If you really wanted to use Newton's universal law of universal gravitation, you would use [itex] F_g = G\frac{mM_{Earth}}{r_{Earth}^2} [/itex], where [itex] M_{Earth} [/itex] is the mass of the Earth, and [itex] r_{Earth} [/itex] is the radius of the Earth -- not d, the distance between the hovering proton and the proton on the surface. The latter is a much shorter distance.

    It's just much easier to approximate the gravitational force as [itex] F_g = mg [/itex]. Equate that to [itex] F = k \frac{q q}{d^2} [/itex].
    If the objects were insulators, then touching them together wouldn't necessarily have much of an effect. The charge is stuck to the surface of the objects and stays stuck there (for the most part) even if the objects come in contact with each other. On the other hand if they are conductors, the charge can flow between them when they touch.
     
  8. Dec 6, 2013 #7

    Simon Bridge

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    Technically the problem should specify that the objects are conductors - but it may be implicit to this stage in the course that charge moves about between objects that touch each other. It will be in the earlier course notes.

    For the initial situation you know that $$F=\frac{kq_1q_2}{r^2}=\frac{-12(\mu\text{C})^2k}{d^2(\text{m})}=-2(\text{N})\implies 2d^2=-12k$$ ... can you write the equivalent relation giving F (the unknown force) for the new charges and distance ##r=2d##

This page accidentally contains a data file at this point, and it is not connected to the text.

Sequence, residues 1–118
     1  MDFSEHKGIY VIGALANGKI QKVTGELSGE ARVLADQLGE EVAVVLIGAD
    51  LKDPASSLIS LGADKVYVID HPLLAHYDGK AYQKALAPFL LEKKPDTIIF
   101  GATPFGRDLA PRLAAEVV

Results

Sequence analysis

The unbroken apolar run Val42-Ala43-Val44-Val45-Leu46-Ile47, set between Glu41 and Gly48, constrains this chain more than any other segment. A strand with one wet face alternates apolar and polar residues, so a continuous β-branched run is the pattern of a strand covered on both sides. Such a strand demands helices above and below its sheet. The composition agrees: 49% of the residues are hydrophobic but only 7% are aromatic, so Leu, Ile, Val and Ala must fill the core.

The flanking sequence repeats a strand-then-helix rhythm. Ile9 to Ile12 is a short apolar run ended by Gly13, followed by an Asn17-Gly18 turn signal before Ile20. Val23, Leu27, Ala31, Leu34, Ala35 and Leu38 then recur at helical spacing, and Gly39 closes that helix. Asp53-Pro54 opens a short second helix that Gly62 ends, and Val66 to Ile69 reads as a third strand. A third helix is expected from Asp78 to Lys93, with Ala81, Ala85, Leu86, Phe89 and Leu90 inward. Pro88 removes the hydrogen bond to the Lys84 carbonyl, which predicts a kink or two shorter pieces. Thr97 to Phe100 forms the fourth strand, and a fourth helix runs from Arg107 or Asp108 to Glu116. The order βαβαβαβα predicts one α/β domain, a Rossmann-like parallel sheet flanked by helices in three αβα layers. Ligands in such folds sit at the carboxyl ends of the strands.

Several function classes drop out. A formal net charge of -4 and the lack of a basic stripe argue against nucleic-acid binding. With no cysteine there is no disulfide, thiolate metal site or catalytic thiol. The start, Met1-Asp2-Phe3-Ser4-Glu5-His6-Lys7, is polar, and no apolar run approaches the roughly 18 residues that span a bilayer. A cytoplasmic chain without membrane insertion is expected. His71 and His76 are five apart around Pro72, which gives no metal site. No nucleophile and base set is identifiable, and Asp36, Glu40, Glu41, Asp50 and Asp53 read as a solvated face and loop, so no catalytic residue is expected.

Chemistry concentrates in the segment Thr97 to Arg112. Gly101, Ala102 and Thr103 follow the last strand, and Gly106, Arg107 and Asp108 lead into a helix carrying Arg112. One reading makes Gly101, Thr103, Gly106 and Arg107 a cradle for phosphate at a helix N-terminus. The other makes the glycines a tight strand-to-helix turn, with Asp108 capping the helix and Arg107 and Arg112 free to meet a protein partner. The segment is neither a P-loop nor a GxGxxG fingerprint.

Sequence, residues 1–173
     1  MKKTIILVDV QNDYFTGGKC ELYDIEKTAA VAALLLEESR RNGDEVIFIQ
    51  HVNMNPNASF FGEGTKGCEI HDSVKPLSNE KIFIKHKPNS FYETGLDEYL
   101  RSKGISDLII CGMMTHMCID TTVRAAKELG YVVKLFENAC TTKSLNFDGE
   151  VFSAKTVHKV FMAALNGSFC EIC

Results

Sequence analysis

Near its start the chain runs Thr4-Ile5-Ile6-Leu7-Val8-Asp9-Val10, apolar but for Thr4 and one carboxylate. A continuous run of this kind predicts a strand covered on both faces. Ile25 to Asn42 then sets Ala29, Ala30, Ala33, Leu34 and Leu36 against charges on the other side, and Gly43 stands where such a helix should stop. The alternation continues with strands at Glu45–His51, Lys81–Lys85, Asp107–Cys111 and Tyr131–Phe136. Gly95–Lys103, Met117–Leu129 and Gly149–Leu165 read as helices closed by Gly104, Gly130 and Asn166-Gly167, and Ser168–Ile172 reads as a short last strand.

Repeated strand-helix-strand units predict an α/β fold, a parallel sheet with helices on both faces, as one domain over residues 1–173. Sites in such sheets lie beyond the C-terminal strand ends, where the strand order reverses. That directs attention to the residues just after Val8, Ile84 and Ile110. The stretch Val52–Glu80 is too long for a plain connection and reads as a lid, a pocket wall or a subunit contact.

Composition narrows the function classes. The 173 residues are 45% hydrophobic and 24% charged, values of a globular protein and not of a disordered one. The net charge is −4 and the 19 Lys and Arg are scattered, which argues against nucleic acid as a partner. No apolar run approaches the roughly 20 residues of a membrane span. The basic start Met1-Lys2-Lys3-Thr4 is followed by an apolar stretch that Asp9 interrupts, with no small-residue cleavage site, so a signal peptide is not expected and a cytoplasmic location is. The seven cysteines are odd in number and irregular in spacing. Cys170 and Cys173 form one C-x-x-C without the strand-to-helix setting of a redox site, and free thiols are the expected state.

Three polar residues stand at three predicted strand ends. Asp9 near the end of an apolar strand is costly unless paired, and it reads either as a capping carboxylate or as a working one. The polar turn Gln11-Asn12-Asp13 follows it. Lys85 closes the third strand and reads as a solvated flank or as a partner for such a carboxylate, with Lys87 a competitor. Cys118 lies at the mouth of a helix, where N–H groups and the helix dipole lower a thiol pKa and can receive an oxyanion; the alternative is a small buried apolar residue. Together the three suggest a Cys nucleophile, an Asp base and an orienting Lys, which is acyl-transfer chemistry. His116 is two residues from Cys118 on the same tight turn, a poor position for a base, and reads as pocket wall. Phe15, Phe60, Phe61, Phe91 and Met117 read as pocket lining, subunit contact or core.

Last edited: Dec 6, 2013
  9. Dec 6, 2013 #8

    I got the first one!! Thank you
    As for the 2nd you mean I add up the two charges to give me 4.0*10^-6 C?? Then what? I still don't really understand
     
  10. Dec 6, 2013 #9
    Where is the -12 coming from?
     
  11. Dec 6, 2013 #10

    collinsmark

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    Good job! Very nice. :smile:

    Yes, eventually. This part comes after the objects touch each other. Before that though, you'll need to find an expression for d in terms of other known variables. See Simon's post for help on that.

    Later though, after the objects touch you can assume that the objects are equally charged. To find the total amount of charge you add up the +6.0 μC and -2.0 μC to get the total charge of +4.0 μC. (Conservation of charge.)

    Then you can assume that the objects are equally charged. If the total charge is 4.0 μC, and half of that charge goes on one object, and the other half goes on the other object, how much charge does each object have?

    q1q2

    (Keep in mind this is before the objects touch.)
     
  12. Dec 6, 2013 #11
    I got it! Thank you Collin and Simon. Can you explain to me why the force would be repulsive?
     
  13. Dec 6, 2013 #12

    Simon Bridge